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Speed up your app’s loading time with these XAML compilation best practices in .NET MAUI.

As an app developer, you know that every second counts when it comes to loading times. That’s why we’re excited to share with you a technique that can help speed things up! In this article, we’ll be discussing how to compile XAML views and the benefits it can bring.

I’ll divide this article into the following sections:

  • Learning about XAMLC
  • Exploring the XamlCompilationAttribute class
  • Enabling the compilation
  • Disabling the compilation

Learning About XAMLC

.NET MAUI XAML is compiled directly into intermediate language (IL) with the XAML compiler (XAMLC). The XAML compilation provides several benefits, such as:

  • Providing error notifications by performing compile-time checking of XAML
  • Saving time by reducing instantiation and loading times
  • Reducing the size of the final assembly by not including more .xaml files.

reduces assembly size, instantiation and loading time. Plus detect errors in markup at compile time

XAML compilation is enabled by default in .NET MAUI. The applications depending on their configuration have the following behavior:

  • Applications built with a debug configuration receive XAML compile-time validation. This feature includes the XAML files as embedded resources in the app package, rather than converting them to IL in the assembly. The XAML files are then evaluated at runtime.
  • Applications built with the release configuration receive XAML compile-time validation, as well as the conversion of the XAML to IL that is written to the assembly.

📝 You can override the XAML compilation behavior in both configurations using the XamlCompilationAttribute class.

Exploring the XamlCompilationAttribute Class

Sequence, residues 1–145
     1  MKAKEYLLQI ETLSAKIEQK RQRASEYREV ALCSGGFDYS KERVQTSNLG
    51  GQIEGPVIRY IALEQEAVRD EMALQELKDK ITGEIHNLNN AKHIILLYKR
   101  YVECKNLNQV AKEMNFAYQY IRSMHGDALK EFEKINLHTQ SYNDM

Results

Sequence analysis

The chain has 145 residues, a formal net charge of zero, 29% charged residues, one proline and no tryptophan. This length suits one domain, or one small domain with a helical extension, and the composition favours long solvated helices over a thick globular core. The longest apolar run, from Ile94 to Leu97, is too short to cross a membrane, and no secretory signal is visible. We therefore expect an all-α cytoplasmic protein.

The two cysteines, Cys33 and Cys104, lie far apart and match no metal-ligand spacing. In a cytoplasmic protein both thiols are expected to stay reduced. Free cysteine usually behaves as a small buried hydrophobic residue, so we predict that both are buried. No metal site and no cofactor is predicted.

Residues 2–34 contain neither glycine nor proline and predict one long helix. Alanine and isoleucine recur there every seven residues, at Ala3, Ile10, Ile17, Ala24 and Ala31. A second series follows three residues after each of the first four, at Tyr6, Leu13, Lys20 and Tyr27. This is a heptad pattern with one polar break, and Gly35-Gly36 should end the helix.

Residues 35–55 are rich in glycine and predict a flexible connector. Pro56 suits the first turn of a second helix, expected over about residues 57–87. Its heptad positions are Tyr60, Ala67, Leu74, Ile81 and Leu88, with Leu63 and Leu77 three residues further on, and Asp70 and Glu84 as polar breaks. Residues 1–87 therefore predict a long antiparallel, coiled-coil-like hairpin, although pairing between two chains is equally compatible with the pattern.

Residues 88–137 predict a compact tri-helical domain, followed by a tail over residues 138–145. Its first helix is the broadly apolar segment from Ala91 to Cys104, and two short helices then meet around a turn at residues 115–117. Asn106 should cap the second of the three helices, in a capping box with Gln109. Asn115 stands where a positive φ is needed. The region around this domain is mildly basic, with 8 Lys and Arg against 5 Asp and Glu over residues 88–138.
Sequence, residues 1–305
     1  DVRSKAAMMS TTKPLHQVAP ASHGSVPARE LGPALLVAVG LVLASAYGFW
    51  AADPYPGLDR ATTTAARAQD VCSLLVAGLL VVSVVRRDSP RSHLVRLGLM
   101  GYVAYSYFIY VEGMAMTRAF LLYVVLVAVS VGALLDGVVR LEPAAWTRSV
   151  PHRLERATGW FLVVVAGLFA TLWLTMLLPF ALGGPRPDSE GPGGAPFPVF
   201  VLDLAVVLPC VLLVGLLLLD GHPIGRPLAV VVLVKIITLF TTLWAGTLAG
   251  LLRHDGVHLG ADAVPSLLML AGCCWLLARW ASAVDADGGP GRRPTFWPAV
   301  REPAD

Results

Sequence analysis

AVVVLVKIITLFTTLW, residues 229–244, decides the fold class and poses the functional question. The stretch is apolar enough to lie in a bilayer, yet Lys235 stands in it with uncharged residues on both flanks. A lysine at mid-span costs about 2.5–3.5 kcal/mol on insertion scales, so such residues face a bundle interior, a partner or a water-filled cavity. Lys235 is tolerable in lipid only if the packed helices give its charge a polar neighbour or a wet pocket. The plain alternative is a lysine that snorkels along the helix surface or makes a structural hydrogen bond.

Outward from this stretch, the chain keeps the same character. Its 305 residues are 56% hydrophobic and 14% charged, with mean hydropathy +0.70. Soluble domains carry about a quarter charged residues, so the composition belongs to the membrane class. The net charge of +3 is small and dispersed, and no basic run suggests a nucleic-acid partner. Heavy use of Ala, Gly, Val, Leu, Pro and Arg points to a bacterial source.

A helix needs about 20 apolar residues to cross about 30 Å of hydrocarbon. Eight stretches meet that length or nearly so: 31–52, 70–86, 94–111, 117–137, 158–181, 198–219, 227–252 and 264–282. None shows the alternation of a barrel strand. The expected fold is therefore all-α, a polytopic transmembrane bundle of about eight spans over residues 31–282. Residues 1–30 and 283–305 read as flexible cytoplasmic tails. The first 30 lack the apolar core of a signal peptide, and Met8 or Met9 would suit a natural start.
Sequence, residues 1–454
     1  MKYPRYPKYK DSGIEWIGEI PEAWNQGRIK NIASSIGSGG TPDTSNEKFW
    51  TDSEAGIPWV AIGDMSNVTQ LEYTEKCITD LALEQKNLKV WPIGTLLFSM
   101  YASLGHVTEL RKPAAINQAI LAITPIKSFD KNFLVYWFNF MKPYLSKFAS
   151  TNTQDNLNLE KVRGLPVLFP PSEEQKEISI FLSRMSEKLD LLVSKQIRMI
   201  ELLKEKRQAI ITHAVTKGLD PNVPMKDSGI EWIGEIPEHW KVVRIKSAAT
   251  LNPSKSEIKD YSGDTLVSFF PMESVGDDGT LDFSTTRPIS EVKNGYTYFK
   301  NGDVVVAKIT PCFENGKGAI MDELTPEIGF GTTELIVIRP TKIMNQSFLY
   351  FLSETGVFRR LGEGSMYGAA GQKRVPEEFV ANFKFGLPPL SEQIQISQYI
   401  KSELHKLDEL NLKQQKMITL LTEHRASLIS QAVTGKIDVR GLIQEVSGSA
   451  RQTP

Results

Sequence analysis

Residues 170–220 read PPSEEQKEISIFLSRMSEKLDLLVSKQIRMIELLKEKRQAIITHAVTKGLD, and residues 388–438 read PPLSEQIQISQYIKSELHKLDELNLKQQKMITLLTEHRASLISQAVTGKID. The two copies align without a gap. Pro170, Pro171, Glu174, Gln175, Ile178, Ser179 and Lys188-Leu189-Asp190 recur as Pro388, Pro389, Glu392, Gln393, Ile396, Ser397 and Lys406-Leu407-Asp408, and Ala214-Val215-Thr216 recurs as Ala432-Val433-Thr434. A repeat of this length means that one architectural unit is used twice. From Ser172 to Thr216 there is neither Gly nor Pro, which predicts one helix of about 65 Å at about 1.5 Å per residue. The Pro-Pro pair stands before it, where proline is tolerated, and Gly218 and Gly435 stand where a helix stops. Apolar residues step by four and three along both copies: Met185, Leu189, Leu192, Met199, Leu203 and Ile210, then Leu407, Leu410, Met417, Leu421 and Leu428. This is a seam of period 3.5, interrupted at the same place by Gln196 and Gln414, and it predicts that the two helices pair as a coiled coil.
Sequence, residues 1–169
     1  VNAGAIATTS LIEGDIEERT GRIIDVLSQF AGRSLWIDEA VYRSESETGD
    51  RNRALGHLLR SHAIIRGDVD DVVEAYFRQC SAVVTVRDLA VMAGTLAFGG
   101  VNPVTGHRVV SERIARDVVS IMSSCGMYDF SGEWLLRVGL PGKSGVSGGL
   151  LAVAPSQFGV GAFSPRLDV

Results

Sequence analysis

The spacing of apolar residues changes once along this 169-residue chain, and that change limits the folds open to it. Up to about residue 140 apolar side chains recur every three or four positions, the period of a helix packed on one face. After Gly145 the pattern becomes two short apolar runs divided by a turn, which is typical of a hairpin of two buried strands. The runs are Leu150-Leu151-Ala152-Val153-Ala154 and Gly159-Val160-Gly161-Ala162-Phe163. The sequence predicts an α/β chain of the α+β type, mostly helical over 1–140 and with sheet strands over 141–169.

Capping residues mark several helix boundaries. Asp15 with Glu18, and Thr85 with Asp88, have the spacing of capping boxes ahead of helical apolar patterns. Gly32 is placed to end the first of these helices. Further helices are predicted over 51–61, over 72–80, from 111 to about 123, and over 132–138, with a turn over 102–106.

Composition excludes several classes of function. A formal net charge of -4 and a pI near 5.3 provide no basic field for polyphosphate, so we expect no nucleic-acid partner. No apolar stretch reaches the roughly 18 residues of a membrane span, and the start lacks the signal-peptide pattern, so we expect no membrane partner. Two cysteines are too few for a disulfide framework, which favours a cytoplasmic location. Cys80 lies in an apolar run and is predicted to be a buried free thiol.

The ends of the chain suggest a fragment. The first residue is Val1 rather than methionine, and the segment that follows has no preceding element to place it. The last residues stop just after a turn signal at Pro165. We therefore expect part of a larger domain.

The XamlCompilationAttribute class provides control over whether XAML is compiled at compile time or at runtime. You can pass a value of XamlCompilationOptions, which is an enum containing values that control when XAML is compiled in IL. This enumeration supports a bitwise combination of its member values.

The XamlCompilationOptions enum includes the following values:

  • Compile: Choose this option to compile the XAML for the class or project during application build.
  • Skip: Skipping compilation for this type or assembly is the task’s responsibility. The XAML will be parsed and the object graph constructed at runtime.

Enabling the Compilation

To enable XAML compilation, you need to pass XamlCompilationOptions.Compile to the XamlCompilationAttribute. While you can use the attribute anywhere, it’s recommended to add it to the MauiProgram.cs file as shown here:

[assembly: XamlCompilation(XamlCompilationOptions.Compile)]

Enabling XAML compilation at the type level is also possible:

    [XamlCompilation (XamlCompilationOptions.Compile)] 
    public partial class DetailPage : ContentPage 

Also, by enabling compiled bindings, you can improve data binding performance in .NET MAUI applications. Compiled bindings resolve binding expressions at compile time and integrate with IntelliSense, resulting in faster binding resolution than classic bindings.

For more details about improving app performance using compiled bindings, check out this article.

Disabling the Compilation

At runtime, XAML is parsed and interpreted. It’s worth noting that, while you have the option to disable XAML compilation in your application, it’s not recommended; it will negatively impact your application’s performance.

    [assembly: XamlCompilation(XamlCompilationOptions.Skip)]

Enabling XAML compilation at the type level is also possible, as shown here:

    [XamlCompilation (XamlCompilationOptions.Skip)]
    public partial class DetailPage : ContentPage 


I hope this article about XAML compilation was beneficial to you! I encourage you to continue learning about .NET MAUI! 💚💕

See you next time! 💁‍♀️


This article was based on .NET MAUI’s official documentation.

About the Author

Leomaris Reyes

Leomaris Reyes is a Software Engineer from the Dominican Republic, with more than 5 years of experience. A Xamarin Certified Mobile Developer, she is also the founder of  Stemelle, an entity that works with software developers, training and mentoring with a main goal of including women in Tech. Leomaris really loves learning new things! 💚💕 You can follow her: Twitter, LinkedIn , AskXammy and Medium.

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